To a large degree, water properties are set at the sea surface through interaction between the ocean and the overlying atmosphere (and ice, in polar regions). The water characteristics resulting from these interactions (e.g., temperature, salinity and concentrations of dissolved gases and nutrients) are transferred to various depths in the world ocean, depending on the density of the water. Warm, light water masses supply (or “ventilate”) the upper ocean at low to mid-latitudes, while the colder, denser water masses formed at higher latitudes supply the intermediate and deep layers of the ocean (see schematic in FAQ 3.1, Figure 1). The formation and subduction of water masses are important for the ocean’s capacity to store heat, freshwater, carbon, oxygen and other properties relevant to climate. In this section, the evidence for change in some of the major water masses of the world ocean is assessed.
The zonal-mean distributions of salinity, density, and temperature in each ocean basin (black contours in Figure 3.9) reflect the formation of water masses at the sea surface and their subsequent spreading into the ocean interior. For example, warm, salty waters formed in the regions of net evaporation between 10° and 30° latitude (Figure 3.4b) supply the subtropical salinity maximum waters found in the upper few hundred meters in each basin (Figure 3.9). Relatively fresh water masses produced at higher latitude, where precipitation exceeds evaporation, sink and spread equatorward to form salinity minimum layers at intermediate depths. Outflow of saline water from the Mediterranean Sea and Red Sea, where evaporation is very strong, accounts for the relatively high salinity observed in the upper 1000 m in the subtropical North Atlantic and North Indian basins, respectively.
Many of the observed changes in zonally averaged salinity, density and temperature are aligned with the spreading paths of the major water masses (Figure 3.9, trends from 1950 to 2000 shown in colours and white contours), illustrating how the formation and spreading of water masses transfer anomalies in surface climate to the ocean interior. The strongest anomalies in a water mass are found near its source region. For instance, bottom and deep water anomalies are strongest in the Southern Ocean and the northern North Atlantic, with lessening amplitudes along the spreading paths of these water masses. In each basin, the subtropical salinity maximum waters have become more saline, while the low-salinity intermediate waters have become fresher (Figure 3.9 a, d, g, j; see also Section 3.3). Strongest warming is observed in the upper 100 m, which has warmed almost everywhere, with reduced warming (Atlantic) or regions of cooling (Indian and Pacific) observed between 100 and 500 m depth.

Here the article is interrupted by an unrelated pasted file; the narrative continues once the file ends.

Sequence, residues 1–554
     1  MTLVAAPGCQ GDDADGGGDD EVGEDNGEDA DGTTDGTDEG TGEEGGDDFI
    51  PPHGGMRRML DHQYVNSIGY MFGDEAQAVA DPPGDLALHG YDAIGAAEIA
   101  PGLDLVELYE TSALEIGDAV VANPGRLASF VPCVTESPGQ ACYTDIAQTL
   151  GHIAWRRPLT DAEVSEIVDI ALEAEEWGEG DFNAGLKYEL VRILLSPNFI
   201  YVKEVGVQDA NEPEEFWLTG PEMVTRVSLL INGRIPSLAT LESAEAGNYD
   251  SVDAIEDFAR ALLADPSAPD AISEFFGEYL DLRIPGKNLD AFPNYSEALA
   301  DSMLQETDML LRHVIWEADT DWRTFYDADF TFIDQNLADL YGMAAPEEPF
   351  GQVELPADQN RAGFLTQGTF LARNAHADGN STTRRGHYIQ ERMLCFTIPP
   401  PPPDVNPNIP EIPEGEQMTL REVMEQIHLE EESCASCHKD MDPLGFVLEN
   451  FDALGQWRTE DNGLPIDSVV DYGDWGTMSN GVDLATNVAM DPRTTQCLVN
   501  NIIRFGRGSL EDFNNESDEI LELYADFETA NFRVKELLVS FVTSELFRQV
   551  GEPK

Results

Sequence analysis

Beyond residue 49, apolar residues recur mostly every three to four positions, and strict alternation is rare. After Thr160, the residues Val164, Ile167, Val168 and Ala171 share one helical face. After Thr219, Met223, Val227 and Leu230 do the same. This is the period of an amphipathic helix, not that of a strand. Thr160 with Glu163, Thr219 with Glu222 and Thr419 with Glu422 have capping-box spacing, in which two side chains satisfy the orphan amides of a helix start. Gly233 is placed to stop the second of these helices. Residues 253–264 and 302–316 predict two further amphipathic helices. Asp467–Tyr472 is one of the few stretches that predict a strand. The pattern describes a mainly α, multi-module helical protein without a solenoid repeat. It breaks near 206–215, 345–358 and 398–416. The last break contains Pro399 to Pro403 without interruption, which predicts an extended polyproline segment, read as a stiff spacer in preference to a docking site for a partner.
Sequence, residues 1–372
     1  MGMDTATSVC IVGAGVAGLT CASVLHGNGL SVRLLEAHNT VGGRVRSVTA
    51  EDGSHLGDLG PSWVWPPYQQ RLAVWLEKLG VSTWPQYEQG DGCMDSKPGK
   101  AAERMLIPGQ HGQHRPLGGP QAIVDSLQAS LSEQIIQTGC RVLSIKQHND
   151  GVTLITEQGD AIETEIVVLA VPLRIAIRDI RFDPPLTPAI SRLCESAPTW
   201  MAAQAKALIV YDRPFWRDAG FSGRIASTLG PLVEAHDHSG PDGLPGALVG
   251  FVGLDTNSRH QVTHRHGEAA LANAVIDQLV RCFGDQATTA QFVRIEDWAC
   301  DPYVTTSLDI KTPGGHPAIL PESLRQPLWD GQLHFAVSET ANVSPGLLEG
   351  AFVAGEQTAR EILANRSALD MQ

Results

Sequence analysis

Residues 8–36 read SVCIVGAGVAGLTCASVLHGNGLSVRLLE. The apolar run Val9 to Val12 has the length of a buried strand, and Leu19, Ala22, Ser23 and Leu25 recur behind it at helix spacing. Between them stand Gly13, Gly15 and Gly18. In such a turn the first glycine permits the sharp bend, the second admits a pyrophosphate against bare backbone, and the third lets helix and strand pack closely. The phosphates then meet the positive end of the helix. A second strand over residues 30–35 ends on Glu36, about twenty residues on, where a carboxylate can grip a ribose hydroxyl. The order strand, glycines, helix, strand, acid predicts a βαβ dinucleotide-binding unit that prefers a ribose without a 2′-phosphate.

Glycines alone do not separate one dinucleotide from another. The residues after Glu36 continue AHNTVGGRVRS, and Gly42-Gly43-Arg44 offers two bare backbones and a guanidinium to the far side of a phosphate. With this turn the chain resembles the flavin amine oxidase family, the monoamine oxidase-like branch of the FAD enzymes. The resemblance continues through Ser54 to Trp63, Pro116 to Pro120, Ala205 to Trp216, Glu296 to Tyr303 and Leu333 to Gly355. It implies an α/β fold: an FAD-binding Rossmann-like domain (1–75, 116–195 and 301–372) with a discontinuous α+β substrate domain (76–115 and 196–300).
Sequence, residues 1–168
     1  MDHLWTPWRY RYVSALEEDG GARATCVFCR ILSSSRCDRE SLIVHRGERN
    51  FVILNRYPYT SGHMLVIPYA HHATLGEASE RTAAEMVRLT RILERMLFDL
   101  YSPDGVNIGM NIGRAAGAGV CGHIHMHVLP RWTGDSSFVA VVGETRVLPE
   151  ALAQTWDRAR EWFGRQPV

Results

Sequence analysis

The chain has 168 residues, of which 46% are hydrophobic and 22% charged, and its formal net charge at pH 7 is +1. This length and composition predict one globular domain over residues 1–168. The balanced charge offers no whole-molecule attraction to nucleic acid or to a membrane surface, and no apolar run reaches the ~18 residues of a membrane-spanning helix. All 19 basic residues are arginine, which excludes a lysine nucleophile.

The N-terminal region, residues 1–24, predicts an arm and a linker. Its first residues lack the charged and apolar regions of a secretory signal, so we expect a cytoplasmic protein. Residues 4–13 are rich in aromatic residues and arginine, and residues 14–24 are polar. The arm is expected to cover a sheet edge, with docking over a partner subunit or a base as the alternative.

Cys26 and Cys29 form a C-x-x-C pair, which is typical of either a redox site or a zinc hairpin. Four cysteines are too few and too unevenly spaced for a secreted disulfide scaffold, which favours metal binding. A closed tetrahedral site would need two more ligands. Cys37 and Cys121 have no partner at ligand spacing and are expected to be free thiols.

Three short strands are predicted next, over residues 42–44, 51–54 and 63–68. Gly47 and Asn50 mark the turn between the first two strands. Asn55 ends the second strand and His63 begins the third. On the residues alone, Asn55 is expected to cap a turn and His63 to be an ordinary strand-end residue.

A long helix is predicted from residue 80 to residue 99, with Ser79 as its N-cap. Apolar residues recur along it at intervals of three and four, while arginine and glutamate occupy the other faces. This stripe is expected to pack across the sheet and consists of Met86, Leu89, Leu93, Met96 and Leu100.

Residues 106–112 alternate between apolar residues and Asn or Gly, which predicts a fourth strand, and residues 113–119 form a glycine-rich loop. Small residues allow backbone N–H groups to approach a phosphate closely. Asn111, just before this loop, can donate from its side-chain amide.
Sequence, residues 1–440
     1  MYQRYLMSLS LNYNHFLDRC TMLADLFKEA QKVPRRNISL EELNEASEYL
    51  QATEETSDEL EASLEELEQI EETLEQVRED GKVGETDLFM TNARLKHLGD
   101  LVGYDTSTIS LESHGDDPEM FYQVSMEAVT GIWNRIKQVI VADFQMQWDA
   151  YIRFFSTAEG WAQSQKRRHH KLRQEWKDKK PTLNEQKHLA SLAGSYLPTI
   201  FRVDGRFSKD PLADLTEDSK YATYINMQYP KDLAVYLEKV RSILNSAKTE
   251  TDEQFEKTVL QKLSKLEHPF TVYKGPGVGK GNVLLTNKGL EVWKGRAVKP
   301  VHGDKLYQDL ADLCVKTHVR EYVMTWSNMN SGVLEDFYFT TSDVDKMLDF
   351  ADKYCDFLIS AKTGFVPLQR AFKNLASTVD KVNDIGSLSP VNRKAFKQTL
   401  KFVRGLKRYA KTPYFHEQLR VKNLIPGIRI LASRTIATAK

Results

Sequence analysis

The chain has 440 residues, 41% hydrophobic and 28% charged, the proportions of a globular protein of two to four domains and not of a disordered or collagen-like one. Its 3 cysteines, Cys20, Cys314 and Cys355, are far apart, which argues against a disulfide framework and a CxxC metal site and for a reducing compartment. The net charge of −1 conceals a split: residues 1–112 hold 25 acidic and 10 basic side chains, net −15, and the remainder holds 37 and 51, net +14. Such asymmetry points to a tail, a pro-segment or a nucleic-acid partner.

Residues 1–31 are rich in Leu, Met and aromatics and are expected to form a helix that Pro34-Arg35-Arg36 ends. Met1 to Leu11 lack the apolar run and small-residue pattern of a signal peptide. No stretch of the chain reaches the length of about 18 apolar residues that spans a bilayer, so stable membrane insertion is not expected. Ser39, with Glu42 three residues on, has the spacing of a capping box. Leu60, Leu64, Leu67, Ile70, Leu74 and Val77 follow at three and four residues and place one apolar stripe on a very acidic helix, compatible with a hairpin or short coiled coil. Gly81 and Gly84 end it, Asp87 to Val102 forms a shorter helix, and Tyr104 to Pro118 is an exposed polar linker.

Warming is observed throughout the upper 2000 m south of 40°S in each basin. Shifts in the location of ocean circulation features can also contribute to the observed trends in temperature and salinity, as discussed in Section 3.2. Density decreased throughout most of the upper 2000 m of the global ocean (middle column of Figure 3.9). The decrease in near-surface density (hence increase in stratification) is largest in the Pacific, where warming and freshening both act to reduce density, and smallest in the Atlantic where the salinity and temperature trends have opposite effects on density.
The remainder of this section focuses on evidence of change in globally relevant intermediate, deep and bottom water masses.